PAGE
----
coefficient

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coefficient

 [ko″ĕ-fish´ent]
1. an expression of the change or effect produced by the variation in certain variables, or of the ratio between two different quantities.
2. in chemistry, a number or figure put before a chemical formula to indicate how many times the formula is to be multiplied.
Bunsen coefficient the number of milliliters of gas dissolved in a milliliter of liquid at atmospheric pressure (760 mm Hg) and a specified temperature. Symbol, α.
confidence coefficient the probability that a confidence interval will contain the true value of the population parameter. For example, if the confidence coefficient is 0.95, 95 per cent of the confidence intervals so calculated for a large number of random samples would contain the parameter.
correlation coefficient a numerical value that indicates the degree and direction of relationship between two variables; the coefficients range in value from +1.00 (perfect positive relationship) to 0.00 (no relationship) to −1.00 (perfect negative or inverse relationship).
diffusion coefficient see diffusion coefficient.
coefficient of digestibility the proportion of a food that is digested compared to what is absorbed, expressed as a percentage.
dilution coefficient a number that expresses the effectiveness of a disinfectant for a given organism. It is calculated by the equation tcn = k, where t is the time required for killing all organisms, c is the concentration of disinfectant, n is the dilution coefficient, and k is a constant. A low coefficient indicates the disinfectant is effective at a low concentration.
linear absorption coefficient the fraction of a beam of radiation absorbed per unit thickness of absorber.
mass absorption coefficient the linear absorption coefficient divided by the density of the absorber.
phenol coefficient see phenol coefficient.
sedimentation coefficient the velocity at which a particle sediments in a centrifuge divided by the applied centrifugal field, the result having units of time (velocity divided by acceleration), usually expressed in Svedberg units (S), which equal 10−13 second. Sedimentation coefficients are used to characterize the size of macromolecules; they increase with increasing mass and density and are higher for globular than for fibrous particles.

co·ef·fi·cient

(kō'ĕ-fish'ĕnt),
1. The expression of the amount or degree of any quality possessed by a substance, or of the degree of physical or chemical change normally occurring in that substance under stated conditions.
2. The ratio or factor that relates a quantity observed under one set of conditions to that observed under standard conditions, usually when all variables are either 1 or a simple power of 10.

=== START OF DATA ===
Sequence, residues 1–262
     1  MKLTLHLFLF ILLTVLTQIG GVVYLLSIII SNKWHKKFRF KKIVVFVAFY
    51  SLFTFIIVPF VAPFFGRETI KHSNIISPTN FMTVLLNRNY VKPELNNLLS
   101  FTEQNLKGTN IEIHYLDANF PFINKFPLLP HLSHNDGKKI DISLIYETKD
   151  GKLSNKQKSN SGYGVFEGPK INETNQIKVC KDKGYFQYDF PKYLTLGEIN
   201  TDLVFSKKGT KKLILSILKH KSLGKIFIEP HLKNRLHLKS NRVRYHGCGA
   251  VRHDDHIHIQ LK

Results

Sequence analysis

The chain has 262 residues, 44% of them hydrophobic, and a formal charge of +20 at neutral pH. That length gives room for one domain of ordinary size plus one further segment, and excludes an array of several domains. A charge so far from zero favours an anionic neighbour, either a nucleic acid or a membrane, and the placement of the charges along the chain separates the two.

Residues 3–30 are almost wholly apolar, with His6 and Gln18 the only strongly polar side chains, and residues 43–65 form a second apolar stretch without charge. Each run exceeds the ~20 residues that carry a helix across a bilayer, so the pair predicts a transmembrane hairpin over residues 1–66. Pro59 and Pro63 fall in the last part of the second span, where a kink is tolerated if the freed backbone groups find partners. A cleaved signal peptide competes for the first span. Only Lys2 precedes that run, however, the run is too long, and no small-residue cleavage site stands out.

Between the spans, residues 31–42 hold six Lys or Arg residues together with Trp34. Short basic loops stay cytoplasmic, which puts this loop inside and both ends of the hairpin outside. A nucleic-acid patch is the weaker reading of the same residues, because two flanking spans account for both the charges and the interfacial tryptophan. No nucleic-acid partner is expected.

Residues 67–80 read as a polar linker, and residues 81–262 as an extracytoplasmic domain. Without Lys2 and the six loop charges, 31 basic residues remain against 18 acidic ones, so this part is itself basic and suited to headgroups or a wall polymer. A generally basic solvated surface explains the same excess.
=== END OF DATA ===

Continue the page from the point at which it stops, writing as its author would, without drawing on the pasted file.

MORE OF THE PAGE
[L. co- + efficio (exfacio), to accomplish]

coefficient

Vox populi A variable or factor which allows the calculation of a property or quantity of a substance under various conditions. See Absorption coefficient, Activity coefficient, Adsorption coefficient, Attenuation coefficient, Dice coefficient of similarity, Inbreeding coefficient, Intraclass correlation coefficient, Mass attentuation coefficient, Mass energy absorption coefficient, Octanol-water partition coefficient, Spearman's rank (order) correlation.

co·ef·fi·cient

(kō'ĕ-fish'ĕnt)
1. The expression of the amount or degree of any quality possessed by a substance, or of the degree of physical or chemical change normally occurring in that substance under stated conditions.
2. The ratio or factor that relates a quantity observed under one set of conditions to that observed under standard conditions, usually when all variables are either 1 or a simple power of 10.
[L. co- + efficio (exfacio), to accomplish]
References in periodicals archive ?
The accuracy of the prediction from the test sets by the PLS-DA and sVm methods reached 100%; meanwhile, the determination coefficients of the two built models were higher than 0.96; root-mean-square errors were below 0.25, indicating that the two methods used for model building were good enough for the discrimination of the three types of meat.
The results of the regression can be interpreted in the way that the determination coefficient for this model is [R.sup.2] = 0.1753, and P statistics is 0.2856, which means greater than 0.05.
The relation model is [mathematical expression not reproducible], the determination coefficient [R.sup.2] = 0.83, the root mean square error is 0.18 m, and the value for no correlation hypothesis testing is 0, showing the correlation is significant.
The determination coefficient in both cases was [R.sup.2] [greater than or equal to] 0.988.
The calculation of their amount was based on the equation of the calibration curve: y = 0.434x (determination coefficient [R.sup.2] = 0.972).
In the light of (1) and (2), the total determination coefficient is [R.sup.2] = 0.9985.
Furthermore, a higher determination coefficient ([R.sup.2] = 0.999) for the dependence of peak current on the square root of scan rate (inset of Figure 2) than for the dependence of peak current on the scan rate indicated that the oxidation of caffeine at the modified electrode follows diffusion controlled kinetics which is in agreement with reported works [33].
Various statistical indices, such as P value, F value, determination coefficient ([R.sup.2]), adjusted determination coefficient (adj [R.sup.2]), and predicted determination coefficient (pred [R.sup.2]), were used to assess the statistical significance and reliability of the quadratic models [23].
Evans and Lyons (2002) in the model used interest rates and they show that only interest rates cannot determine exchange rate, where determination coefficient is lower than 1% and is statistically insignificant.
Under optimized conditions, the response of chemosensor 6 was linearly proportional to the concentration of Cr2O72- in a range from (10-100 uM) with determination coefficient of 0.9911.